Mirror Lake Trail

Sometimes you complete a hike and you feel like you’ve conquered the world. That hike could be 3 miles, 6 miles, or 20 miles – whatever the length, it’s a huge feat when you have completed something you didn’t think you were capable of.

That’s how I felt about the hike to Mirror Lake in the Indian Peaks Wilderness. It was the hardest hike I probably will ever do, not only because of its length, but the elevation gain of ups and downs throughout the hike. However, it will also most likely hold the title of most beautiful hike in my first 26 years of life. I almost turned around so many times because my legs were hurting, my feet were tired, and I didn’t feel like I could physically do the hike; but I did it.

Trail Stats

  1. Starting Elevation: 8,345 feet
  2. Ending Elevation: 10,328 feet
  3. Net Elevation Gain (because of ups and downs): 2,507 feet
  4. Round Trip Length: 14.8 miles
  5. Trailhead: Monarch Lake Trailhead (GPS coordinates: N40 06.651  W105 44.781)
  6. Time: 8 hours
  7. Fee: 5 dollars (or free if you have a National Parks Pass)
  8. Dogs allowed?: Yes

Our hike began fairly easy, following Monarch lake for approximately 1.2 miles. We were told that Moose frequent the area, although we may have been there a little late in the day because we didn’t see any (so be on the lookout if you do go).

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Monarch Lake

At 1.6 miles, there is a T in the road where you keep going straight to continue to Mirror Lake – (going right will take you around the Monarch Lake loop). Note: the signs will all say Crater Lake, but our destination was Mirror lake, so something to keep in mind if you do this hike. The trail continues to rise through a series of steep switchbacks with a fair amount of exposure – so making sure we brought adequate water was important. After about a half a mile of switchbacks the trail leveled out to a beautiful wooded forest that followed a stream for another mile.

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After crossing a bridge at 3.6 miles, the trail starts to get steeper again, rising a couple hundred feet before crossing another long bridge (pictured below).

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The first official destination on this hike is Cascade Falls (there is a lower and an upper). The lower was a perfect spot for us to stop for lunch, not only because we had already gained 1,000 feet of elevation; but because there was some shady areas to escape the heat and refuel.

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Lower Cascade Falls

After we refueled, I was building up the courage to continue as I saw how steep our next ascent looked. We followed the trail on the right side of the waterfall and at about 5.0 miles we walked out to see the views of Upper Cascade Falls.

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Upper Cascade Falls (Photo Credit: Bill Chopp)

Continuing on our adventure, half a mile after the falls the trail opens into a meadow for a short while before beginning another series of extremely steep ascents. Here we took several breaks, as it’s rocky and has high sun exposure (don’t forget the sunscreen). At 6.5 miles the trail comes to a T, turn right here to continue to Mirror Lake. When we got to the 6.9 mile marker, the trail crossed another long bridge, before opening up into another beautiful meadow – we were finally in the home stretch!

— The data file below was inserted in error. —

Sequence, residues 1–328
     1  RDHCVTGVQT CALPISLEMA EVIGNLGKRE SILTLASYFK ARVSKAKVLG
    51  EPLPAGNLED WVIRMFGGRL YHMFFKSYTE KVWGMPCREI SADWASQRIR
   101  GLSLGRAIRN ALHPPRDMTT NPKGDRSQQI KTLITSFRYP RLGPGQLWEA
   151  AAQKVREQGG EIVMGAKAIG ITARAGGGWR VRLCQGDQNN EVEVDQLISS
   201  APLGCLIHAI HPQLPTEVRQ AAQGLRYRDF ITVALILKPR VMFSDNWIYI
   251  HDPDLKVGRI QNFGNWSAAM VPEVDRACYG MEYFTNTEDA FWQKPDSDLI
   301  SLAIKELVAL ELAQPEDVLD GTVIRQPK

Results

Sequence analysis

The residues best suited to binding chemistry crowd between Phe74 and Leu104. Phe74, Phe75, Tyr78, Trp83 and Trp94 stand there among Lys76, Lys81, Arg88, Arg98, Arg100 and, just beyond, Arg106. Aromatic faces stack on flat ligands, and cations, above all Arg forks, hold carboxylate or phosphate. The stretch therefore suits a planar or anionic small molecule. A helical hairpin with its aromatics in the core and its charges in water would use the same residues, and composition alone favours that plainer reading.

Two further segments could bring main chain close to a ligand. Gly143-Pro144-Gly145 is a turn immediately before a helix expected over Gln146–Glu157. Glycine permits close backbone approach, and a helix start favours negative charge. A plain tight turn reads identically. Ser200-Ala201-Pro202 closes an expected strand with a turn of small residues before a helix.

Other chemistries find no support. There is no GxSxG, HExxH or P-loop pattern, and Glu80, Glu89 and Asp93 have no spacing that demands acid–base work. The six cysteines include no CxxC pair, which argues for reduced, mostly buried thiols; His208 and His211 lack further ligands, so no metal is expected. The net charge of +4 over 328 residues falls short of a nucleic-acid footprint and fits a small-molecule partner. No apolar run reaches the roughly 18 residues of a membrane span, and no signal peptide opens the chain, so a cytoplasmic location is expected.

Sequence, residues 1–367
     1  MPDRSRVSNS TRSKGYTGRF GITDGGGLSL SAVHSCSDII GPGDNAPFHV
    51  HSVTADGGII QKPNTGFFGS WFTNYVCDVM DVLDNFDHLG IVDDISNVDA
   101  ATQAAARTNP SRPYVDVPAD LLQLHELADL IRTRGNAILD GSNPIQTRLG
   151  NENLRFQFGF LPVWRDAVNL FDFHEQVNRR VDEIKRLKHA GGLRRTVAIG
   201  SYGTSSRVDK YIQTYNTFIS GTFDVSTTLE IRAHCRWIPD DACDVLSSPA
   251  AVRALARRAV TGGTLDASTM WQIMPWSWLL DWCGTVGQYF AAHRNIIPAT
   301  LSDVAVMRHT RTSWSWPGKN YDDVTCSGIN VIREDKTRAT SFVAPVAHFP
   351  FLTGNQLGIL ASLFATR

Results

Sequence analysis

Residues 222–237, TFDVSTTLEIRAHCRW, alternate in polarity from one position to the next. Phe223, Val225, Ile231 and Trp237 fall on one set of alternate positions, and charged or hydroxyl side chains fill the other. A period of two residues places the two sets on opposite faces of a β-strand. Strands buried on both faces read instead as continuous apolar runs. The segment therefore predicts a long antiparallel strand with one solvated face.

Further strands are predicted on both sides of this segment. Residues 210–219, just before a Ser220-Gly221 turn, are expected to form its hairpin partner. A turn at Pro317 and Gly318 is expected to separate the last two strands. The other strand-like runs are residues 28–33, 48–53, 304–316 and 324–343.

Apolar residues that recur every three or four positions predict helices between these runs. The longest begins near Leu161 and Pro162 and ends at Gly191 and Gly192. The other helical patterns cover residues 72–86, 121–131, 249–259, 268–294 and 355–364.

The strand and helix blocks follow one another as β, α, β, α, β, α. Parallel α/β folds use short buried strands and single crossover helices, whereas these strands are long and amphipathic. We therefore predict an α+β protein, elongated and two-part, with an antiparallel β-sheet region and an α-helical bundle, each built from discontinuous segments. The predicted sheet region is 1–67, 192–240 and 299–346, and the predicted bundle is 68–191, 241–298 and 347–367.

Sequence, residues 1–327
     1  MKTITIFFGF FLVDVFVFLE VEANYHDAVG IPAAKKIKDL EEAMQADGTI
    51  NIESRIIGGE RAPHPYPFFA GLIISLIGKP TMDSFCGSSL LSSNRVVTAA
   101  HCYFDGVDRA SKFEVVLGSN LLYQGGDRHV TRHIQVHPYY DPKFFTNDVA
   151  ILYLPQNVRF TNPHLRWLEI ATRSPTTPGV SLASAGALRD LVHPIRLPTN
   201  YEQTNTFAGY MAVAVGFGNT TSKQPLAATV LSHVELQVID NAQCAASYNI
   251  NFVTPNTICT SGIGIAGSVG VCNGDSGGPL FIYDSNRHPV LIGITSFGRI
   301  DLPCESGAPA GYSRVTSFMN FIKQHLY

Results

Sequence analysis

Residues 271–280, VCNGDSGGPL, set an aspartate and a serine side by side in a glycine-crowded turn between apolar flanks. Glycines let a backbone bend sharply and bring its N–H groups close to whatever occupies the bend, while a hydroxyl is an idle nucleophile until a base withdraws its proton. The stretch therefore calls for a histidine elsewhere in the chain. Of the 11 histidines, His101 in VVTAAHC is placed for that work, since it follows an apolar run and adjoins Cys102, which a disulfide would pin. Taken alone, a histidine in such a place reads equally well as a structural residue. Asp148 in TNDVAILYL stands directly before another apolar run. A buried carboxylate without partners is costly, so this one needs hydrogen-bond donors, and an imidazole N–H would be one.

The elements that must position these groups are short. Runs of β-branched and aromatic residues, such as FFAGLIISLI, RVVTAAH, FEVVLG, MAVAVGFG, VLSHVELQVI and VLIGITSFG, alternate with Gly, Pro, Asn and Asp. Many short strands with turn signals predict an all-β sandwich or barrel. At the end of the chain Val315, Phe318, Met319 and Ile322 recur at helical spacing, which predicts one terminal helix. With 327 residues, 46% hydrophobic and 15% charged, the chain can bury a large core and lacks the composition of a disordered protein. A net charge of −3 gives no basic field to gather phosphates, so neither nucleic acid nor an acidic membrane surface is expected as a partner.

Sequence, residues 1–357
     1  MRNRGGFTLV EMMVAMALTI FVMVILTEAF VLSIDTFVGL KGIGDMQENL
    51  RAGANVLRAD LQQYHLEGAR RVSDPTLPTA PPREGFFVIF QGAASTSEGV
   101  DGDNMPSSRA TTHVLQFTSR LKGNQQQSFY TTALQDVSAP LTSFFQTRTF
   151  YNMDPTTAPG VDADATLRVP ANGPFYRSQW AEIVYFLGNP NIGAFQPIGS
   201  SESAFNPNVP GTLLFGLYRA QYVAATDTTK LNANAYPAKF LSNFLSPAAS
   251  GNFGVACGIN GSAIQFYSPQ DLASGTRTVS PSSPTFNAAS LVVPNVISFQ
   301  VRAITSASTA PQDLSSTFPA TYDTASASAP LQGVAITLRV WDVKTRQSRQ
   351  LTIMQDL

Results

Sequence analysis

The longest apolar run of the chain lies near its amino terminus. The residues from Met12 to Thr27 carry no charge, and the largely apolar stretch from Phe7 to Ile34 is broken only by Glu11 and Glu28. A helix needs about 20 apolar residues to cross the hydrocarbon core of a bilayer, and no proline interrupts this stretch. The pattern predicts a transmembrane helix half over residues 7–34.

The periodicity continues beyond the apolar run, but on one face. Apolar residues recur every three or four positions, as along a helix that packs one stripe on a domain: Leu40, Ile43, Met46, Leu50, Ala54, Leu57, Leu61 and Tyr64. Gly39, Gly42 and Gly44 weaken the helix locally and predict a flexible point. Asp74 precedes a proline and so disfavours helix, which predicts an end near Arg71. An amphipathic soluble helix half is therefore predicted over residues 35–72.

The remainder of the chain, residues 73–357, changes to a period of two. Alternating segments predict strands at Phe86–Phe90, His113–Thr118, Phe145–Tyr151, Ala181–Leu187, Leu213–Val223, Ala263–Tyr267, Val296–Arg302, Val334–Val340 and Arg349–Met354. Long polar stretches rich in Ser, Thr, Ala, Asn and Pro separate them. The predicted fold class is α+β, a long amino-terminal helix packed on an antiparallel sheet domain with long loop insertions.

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We had 0.5 miles to go, and I was so excited…we were so close! Following the meadows, we completed our LAST steep ascent of switch backs to Mirror Lake, gaining roughly 150 feet in the last 0.2 miles – it took all of my energy to push through that final ascent. After the last switch back, we turned the corner and there it was: Mirror Lake with Lone Eagle Peak in the background, and it was the most beautiful scenery I have ever seen. We sat and had lunch looking at the most beautiful view, wishing we could stare at it forever because it was so perfect.

One of the puzzling things about this hike for me was that I found it hard to tell which peak was actually Lone Eagle Peak. I have seen the iconic picture with the reflection, but for some reason it was difficult to figure it out in the moment. I found this to be one of the most rewarding and frustrating parts of the hike; I was exhausted and couldn’t tell where we were even going until we were about 1.5 miles away. I think that was better though, despite being confused and feeling like we would never get there, because it left the best surprise for the end.

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Mirror Lake and Lone Eagle Peak (Photo Credit: Bill Chopp)

Instead of turning around, I am so thankful to my boyfriend for his encouragement (and patience) while I just wanted to give up but he kept pushing me along. With every step completed, I was one step closer to accomplishing something I didn’t think my body could physically handle. When we got back to the car my legs were shaking and I could barely walk, but it was worth every step. I realized on this hike that the only limits I have are those I put on myself; and if you think about your hike step by step instead of as a whole, you will be able to climb the seemingly ominous mountain.

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